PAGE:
John Short, an Australian missionary detained in Pyongyang, was deported to Beijing after reportedly apologizing to North Korean authorities for covertly spreading religious material in the reclusive state.
The state-run Korean Central News Agency said Short, 75, admitted breaking North Korean law and apologized in a written confession.
“The relevant organ decided to expel him from the territory of the Democratic People’s Republic of Korea, thanks to the tolerance of the law of the DPRK and in full consideration of his age,” KCNA reported Monday.
Short, who lives in Hong Kong with his wife, arrived in the North Korean capital from Beijing as a tourist. He was detained after distributing Christian pamphlets near a Buddhist temple in Pyongyang in what state media described as a “criminal act”.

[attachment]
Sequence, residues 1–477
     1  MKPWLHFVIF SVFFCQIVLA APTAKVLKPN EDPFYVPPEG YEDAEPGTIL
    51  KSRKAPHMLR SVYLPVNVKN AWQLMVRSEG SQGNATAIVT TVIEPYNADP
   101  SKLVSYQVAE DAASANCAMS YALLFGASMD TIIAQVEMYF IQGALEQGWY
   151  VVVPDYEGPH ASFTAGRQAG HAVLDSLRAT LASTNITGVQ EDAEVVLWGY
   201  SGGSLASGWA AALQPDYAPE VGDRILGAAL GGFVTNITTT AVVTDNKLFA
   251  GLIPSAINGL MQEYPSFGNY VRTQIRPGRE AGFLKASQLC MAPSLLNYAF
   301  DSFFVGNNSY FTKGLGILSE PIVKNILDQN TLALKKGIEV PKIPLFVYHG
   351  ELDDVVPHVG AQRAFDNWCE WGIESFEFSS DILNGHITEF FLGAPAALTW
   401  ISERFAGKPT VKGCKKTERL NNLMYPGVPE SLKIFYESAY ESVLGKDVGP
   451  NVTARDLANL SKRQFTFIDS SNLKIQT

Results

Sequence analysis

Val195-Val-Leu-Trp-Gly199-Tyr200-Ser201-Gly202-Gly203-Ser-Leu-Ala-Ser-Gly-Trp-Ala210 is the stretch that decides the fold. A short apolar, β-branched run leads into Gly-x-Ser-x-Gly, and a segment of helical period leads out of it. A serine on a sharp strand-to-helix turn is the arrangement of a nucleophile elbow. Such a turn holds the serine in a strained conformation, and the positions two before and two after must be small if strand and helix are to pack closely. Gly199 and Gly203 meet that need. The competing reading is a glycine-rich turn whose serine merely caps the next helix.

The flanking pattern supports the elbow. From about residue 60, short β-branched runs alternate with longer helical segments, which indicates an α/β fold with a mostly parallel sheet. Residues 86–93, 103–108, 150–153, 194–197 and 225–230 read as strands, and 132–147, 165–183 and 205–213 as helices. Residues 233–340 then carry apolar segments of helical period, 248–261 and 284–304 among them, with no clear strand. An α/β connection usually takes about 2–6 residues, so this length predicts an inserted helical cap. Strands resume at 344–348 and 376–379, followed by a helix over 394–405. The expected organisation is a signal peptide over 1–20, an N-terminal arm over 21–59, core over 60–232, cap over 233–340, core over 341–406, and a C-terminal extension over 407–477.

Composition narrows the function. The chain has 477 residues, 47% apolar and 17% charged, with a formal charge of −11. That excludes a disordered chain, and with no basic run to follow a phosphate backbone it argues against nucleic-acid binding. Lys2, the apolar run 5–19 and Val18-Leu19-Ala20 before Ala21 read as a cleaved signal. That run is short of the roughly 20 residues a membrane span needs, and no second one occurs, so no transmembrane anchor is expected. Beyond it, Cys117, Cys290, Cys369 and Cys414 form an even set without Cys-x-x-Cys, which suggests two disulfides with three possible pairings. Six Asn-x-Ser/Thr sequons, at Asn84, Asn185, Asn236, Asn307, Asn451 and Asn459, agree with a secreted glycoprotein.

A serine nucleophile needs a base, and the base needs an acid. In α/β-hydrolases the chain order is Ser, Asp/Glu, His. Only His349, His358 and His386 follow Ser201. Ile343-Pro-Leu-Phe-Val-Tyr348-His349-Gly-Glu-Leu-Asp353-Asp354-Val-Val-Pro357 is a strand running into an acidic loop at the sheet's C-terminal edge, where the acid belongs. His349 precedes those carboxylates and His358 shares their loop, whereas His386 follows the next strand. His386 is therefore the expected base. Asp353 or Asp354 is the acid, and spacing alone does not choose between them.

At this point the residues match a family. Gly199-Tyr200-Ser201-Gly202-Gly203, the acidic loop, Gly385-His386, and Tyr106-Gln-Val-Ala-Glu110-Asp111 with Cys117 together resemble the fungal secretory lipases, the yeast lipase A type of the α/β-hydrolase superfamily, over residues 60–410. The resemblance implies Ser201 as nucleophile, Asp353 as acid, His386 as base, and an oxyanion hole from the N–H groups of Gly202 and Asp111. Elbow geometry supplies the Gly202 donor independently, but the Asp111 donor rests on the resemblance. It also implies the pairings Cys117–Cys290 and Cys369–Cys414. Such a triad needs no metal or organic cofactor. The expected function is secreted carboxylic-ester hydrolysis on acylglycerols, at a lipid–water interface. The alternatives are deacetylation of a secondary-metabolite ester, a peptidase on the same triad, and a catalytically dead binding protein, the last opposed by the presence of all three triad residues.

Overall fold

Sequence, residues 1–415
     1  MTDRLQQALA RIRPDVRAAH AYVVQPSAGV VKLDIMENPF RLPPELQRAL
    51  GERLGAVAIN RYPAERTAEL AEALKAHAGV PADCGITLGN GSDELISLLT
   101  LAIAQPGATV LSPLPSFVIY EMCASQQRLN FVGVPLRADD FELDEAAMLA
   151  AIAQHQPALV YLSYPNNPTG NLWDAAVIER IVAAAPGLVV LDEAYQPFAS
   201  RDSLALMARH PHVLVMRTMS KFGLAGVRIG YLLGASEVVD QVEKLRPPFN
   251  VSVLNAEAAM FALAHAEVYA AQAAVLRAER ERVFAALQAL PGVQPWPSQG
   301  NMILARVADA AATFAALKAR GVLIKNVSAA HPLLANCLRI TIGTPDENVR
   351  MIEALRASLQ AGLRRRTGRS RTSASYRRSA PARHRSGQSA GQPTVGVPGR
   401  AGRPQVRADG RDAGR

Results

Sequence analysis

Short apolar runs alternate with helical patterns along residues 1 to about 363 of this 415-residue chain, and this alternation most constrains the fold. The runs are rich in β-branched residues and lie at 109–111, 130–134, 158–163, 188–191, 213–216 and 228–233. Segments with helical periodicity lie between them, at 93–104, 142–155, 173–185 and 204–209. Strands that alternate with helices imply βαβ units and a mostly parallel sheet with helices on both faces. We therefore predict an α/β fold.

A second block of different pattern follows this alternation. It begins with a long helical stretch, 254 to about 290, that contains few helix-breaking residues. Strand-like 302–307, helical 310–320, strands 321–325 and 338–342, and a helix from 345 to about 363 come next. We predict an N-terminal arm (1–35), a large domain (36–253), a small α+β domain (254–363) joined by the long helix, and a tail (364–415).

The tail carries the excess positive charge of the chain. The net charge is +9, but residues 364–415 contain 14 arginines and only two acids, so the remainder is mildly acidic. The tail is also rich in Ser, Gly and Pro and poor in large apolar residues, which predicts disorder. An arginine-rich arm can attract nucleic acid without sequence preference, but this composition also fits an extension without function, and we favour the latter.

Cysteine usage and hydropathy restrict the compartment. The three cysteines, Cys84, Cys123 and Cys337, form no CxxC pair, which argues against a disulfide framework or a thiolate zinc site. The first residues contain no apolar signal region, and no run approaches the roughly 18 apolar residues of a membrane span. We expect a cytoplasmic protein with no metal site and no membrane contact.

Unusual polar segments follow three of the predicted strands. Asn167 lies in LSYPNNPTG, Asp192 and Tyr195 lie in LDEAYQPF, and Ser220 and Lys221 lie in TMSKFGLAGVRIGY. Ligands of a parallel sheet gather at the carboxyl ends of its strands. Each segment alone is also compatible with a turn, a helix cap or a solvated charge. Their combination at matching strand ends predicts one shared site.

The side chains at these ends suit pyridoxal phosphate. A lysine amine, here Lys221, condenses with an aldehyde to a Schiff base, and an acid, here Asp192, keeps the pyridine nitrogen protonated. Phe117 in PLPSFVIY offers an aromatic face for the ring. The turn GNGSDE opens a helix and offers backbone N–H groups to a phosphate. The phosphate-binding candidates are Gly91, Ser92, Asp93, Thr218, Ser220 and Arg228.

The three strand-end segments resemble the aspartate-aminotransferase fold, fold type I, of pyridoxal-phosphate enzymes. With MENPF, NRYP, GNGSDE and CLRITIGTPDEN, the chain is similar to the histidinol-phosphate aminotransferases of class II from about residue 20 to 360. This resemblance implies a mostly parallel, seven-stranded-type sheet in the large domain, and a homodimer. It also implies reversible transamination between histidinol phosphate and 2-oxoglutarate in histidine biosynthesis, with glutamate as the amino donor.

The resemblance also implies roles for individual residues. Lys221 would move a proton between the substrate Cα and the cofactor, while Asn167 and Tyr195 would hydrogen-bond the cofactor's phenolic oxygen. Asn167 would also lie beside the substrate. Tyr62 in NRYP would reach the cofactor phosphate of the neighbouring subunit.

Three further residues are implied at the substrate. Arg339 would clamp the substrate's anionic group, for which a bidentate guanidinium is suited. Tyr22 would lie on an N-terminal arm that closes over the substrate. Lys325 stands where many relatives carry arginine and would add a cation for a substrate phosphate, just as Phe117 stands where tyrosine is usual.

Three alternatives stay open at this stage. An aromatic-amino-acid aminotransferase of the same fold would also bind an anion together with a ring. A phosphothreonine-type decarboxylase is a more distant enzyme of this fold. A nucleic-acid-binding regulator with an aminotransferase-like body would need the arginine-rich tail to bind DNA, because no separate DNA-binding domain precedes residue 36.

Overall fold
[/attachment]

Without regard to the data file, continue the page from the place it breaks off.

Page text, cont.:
KCNA published Short’s written apology.
“I now realized the seriousness of my insult to the Korean people on February 16th because I made the Korean people angry and for this I truly apologize,” the statement read.
“I request the forgiveness of the DPRK for my actions. I am willing to bow down on my knees to request this tolerance of the DPRK and the Korean people.”
Short was also accused of “spreading his Bible tracts in the Pyongyang Metro on a crowded train, causing a chaos in the sound public order of the DPRK” in August 2012, KCNA reported.
Analysts said North Korea released Short so soon after his detention in a bid to portray a soft side following a recently published United Nations report accusing the isolated nation of human rights abuses.
Although the regime is known to push high-profile detainees to make false confessions.
North Korea sentenced US citizen Kenneth Bae, also a missionary, to 15 years of hard labor for allegedly trying to overthrow the state. Bae has denied the accusations.
By Maesie Bertumen
Main Image: Flickr/ sergeant killjoy